Kings coach irate Herro’s Heat game-winning 3-pointer not called a travel, ‘I’m flabbergasted’ – The Denver Post


Miami Heat guard Tyler Herro was too busy celebrating to consider that he might have been out of step with the moment.

Sacramento Kings coach Mike Brown wasn’t.

So while the Heat headed off into the night reveling in the Herro 3-point basket with 2.5 seconds left that gave them Wednesday’s 110-107 victory at FTX Arena, Brown took his complaints to the postgame podium, insisting the teams actually should still have been playing.

“Tyler Herro’s a great player,” Brown said. “But at the end, he traveled. He traveled on the last play and I would not be doing my job if I didn’t come up here and protect my guys. My guys fought their behind off for close to 48 minutes, and to pump fake on a sidestep, a sidestep or hop, and then one-two and a shot and not make that call, to me, it’s just unbelievable.

“It’s not why we lost the game, although I don’t think we got a fair whistle. And I hope when the officials go back and look at the game, they could see it.”

Herro did not see his pump-fake, double-clutch attempt against Terence Davis through that prism. But he also had not given it that type of thought until questioned in his postgame interview.

First he offered his view of the shot off a timeout by coach Erik Spoelstra, a play that also could have involved a pass to center Bam Adebayo.

“Spo really just drew up a play to get me the ball in space, whether it was my shot or creating, attacking and creating for someone else. I could have shot it or I could have went to the rim or dished it off to Bam or somebody on the weak side for a three. But lucky enough it went in.”

Then he was told about Brown’s comments.

“I don’t think it was a travel,” Herro said with a laugh, as the Heat prepared to move on to Friday night’s game against the Indiana Pacers at Bankers Life Fieldhouse. “But early in the game they called a travel on me that I also didn’t think was a travel. I think I hit a midrange pullup like right before and they called a travel.

“Just like [Tuesday] night with Jordan Poole, you could call a carry on every play. You can call a travel, I’m pretty sure, on almost every play. So you got to take that one on the chin.”

While Warriors coach Steve Kerr took issue with the three discontinued dribble violations called on Poole in Golden State’s 116-109 Tuesday loss to the Heat, it was nothing like the extended ire of the Kings’ Brown.

“They’re all great guys and good officials,” Brown said. “But at the end of the day, we have to go earn our respect. Because right now, people get caught up in the hype and the crowd and the excitement of the crowd and they look at what’s on our jersey, I’m assuming, and see ‘Kings’ and maybe they expect us to lose. I don’t know.”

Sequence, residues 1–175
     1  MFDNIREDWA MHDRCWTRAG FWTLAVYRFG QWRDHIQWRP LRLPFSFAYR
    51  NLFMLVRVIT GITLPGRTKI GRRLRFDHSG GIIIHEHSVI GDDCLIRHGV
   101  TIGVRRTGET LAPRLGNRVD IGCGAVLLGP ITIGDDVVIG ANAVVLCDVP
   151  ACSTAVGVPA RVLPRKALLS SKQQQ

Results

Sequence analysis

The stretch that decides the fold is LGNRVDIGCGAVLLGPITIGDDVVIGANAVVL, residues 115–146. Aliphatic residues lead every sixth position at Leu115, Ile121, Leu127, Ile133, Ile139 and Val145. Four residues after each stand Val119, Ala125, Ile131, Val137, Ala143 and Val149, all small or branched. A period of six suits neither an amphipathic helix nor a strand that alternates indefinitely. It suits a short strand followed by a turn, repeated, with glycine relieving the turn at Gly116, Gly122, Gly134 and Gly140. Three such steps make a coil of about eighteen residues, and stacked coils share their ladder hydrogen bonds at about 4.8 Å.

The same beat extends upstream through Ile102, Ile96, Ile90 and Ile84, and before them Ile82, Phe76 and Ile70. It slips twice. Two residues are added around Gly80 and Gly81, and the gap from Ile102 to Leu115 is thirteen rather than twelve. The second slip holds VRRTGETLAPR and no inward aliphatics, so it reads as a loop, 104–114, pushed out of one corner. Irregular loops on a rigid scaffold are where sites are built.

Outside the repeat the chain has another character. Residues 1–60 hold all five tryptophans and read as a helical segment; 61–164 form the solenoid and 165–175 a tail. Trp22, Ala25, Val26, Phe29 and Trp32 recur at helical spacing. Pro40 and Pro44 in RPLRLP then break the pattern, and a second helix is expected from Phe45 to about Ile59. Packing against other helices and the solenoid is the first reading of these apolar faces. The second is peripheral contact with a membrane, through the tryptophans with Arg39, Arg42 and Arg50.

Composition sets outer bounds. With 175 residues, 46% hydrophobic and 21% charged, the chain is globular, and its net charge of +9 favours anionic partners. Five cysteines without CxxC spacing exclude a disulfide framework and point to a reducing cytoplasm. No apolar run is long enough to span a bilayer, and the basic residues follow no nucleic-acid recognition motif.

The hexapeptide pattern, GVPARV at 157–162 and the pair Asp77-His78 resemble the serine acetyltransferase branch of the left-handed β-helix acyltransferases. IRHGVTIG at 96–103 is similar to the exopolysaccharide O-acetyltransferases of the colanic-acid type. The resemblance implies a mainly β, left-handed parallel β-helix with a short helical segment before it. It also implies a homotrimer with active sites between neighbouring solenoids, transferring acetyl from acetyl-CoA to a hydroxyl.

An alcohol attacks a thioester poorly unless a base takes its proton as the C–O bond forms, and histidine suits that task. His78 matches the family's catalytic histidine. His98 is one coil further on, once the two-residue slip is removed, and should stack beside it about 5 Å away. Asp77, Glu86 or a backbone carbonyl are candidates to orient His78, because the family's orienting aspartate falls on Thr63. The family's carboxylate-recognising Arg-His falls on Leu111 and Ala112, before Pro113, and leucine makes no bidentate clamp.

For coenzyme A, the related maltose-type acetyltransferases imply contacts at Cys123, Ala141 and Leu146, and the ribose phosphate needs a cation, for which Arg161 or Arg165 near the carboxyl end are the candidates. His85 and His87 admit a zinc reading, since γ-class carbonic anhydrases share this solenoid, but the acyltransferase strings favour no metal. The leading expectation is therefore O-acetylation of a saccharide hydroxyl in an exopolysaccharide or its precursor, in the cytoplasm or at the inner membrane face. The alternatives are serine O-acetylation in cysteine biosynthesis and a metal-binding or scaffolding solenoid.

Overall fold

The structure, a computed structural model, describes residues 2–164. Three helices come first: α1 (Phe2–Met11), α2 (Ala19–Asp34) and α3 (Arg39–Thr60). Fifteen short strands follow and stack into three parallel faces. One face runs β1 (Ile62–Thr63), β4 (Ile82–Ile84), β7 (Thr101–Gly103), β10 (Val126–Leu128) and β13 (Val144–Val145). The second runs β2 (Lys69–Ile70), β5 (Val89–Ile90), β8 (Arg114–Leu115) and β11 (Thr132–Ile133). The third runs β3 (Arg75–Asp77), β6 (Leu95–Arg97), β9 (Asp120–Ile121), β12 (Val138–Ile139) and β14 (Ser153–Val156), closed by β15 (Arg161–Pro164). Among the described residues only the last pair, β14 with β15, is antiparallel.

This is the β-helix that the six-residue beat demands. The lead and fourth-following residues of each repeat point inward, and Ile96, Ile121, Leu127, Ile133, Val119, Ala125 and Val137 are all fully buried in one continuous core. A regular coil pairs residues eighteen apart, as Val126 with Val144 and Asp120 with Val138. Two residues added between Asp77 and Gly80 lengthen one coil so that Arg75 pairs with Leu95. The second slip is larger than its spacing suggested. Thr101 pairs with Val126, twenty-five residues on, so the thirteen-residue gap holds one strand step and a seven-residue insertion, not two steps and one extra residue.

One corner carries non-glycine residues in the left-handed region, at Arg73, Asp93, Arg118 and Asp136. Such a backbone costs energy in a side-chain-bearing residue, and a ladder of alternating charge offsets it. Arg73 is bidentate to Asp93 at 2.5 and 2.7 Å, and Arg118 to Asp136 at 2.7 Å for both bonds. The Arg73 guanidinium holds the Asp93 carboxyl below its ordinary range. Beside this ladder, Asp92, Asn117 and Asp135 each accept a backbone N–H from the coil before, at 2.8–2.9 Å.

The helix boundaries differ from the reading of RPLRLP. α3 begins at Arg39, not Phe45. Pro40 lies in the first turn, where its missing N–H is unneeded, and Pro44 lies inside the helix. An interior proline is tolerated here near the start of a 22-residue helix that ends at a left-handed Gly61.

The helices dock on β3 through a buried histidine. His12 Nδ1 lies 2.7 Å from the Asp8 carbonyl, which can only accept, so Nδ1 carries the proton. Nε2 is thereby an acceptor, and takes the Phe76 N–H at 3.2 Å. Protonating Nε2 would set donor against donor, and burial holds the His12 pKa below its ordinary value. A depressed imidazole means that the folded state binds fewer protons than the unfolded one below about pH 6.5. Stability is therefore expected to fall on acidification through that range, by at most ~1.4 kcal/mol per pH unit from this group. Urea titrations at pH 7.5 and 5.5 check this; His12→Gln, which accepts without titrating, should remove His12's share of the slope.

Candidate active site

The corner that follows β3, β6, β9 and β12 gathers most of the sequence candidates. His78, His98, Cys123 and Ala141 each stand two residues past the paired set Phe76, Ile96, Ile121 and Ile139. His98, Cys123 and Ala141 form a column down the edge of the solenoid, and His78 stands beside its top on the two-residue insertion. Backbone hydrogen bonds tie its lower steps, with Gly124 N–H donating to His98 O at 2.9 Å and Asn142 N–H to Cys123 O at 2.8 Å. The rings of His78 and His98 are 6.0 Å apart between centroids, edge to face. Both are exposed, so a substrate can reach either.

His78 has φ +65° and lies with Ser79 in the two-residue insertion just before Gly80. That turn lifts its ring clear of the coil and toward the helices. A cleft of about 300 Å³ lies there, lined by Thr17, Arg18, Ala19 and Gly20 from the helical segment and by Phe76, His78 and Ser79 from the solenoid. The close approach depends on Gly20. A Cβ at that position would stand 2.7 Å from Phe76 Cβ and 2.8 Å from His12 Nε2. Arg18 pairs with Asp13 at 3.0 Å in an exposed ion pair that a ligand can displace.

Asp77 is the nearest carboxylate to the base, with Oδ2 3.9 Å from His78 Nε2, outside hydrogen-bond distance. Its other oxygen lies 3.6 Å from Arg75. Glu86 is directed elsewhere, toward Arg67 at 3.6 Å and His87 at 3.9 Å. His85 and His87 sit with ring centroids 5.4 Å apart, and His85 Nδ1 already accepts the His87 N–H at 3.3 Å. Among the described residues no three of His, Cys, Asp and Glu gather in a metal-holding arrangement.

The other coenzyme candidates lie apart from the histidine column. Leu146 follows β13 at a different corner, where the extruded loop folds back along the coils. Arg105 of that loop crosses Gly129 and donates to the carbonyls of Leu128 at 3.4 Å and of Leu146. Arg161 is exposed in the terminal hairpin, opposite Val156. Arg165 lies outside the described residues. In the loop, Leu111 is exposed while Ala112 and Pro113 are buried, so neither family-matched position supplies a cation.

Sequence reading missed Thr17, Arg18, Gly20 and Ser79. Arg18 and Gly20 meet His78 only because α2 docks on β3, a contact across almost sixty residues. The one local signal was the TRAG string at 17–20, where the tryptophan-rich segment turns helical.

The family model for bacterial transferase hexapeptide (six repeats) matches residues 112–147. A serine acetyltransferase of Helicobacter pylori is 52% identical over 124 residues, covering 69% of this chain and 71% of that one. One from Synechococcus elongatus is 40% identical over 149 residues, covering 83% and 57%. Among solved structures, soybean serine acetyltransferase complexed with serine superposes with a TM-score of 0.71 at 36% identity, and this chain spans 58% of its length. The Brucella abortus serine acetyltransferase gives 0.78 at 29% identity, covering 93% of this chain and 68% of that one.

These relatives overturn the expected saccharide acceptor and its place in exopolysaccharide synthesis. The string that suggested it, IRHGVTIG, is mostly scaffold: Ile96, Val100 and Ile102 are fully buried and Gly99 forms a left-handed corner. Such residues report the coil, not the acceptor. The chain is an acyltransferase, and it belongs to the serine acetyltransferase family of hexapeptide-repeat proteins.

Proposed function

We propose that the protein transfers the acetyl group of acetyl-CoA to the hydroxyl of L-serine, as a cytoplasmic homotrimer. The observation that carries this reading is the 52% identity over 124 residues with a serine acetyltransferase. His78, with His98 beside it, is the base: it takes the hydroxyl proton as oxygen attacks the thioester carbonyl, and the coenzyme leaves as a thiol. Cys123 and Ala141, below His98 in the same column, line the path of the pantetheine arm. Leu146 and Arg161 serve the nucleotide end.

Brown also was disappointed about a no-call involving Sacramento forward Harrison Barnes.

“It’s just two, like, blatant calls, right in front of guys,” Brown said of the officials. “I felt bad for my players.

“Again, we lost. Got to own up to it. But when you have a team fighting, both teams, both teams fighting as hard as they fought down the stretch of a back-and-forth game and not make the right call? It’s right in front of you, and just say, ‘I didn’t see it.’ It’s tough.”

In the Kings’ view, Herro cleared way too much space on the play they said he took two steps, came to a jump stop, brought the ball down, took two more steps and converted the shot listed as launched from 27 feet to close out his 26-point night.

“If that’s not a travel,” Brown said, “I don’t know what the definition of a travel is.

“Maybe it’s the Miami Heat and we’re the Sacramento Kings, and that’s Tyler Herro and it’s a last-second shot, a walkoff-homer shot. Maybe they’re caught up? I don’t know. I’m by no means a ref and their job is hard as hell. But it’s an iso situation, it’s one-on-one and you’re looking at the ball.”

Herro said the mechanics for such a complex attack already had been well calculated.

“I shot the same shot actually like twice throughout the game,” he said, “where I pump faked, he flew by, and I reloaded. I missed, but I can make that shot. I work on a lot of different shots. So I think I can make a lot of different shots.”

Herro said once the defender of teammate Gabe Vincent sank into the lane, the possibility of a drive for either a tie or free throw was reduced.

“When I saw that,” he said, “that’s when I stepped back. And I probably could have got the step-back off. But with that space, I just wanted to test the fence and see if he would jump, which he did. And whether he jumped into me, I could have gotten the foul. Or if he jumped across, I could have done what I did, reloaded and knocked it down.”

Or, as Brown contended, he could have traveled.

“It’s just a shame,” Brown said, “the game was called the way it was.

“I just don’t know how. I’m flabbergasted.”



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